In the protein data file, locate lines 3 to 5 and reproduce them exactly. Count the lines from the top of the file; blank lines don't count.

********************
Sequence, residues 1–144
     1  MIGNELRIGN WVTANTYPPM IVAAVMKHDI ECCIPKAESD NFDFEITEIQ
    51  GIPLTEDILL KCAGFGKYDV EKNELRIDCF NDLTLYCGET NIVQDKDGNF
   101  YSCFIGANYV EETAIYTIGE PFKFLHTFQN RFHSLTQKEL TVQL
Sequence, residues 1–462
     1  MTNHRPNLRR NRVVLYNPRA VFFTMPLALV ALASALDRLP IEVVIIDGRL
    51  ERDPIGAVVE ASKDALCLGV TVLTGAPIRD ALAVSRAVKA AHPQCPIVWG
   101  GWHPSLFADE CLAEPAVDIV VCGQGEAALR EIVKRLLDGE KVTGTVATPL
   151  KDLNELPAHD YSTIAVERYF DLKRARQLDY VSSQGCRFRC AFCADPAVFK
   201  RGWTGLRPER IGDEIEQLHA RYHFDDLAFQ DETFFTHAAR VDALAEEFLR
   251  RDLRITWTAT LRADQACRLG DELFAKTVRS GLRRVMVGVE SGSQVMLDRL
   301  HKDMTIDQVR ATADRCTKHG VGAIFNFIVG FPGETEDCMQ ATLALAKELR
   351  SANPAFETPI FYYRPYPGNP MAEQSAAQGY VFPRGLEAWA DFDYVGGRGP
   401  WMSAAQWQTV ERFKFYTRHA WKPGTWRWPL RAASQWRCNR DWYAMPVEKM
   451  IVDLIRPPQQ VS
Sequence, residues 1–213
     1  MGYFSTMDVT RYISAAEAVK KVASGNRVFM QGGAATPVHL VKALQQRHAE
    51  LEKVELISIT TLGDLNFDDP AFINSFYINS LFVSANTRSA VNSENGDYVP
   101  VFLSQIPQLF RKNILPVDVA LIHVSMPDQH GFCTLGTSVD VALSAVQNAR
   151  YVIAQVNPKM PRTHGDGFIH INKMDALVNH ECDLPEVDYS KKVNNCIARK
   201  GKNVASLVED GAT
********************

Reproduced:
    51  GIPLTEDILL KCAGFGKYDV EKNELRIDCF NDLTLYCGET NIVQDKDGNF
   101  YSCFIGANYV EETAIYTIGE PFKFLHTFQN RFHSLTQKEL TVQL
Sequence, residues 1–462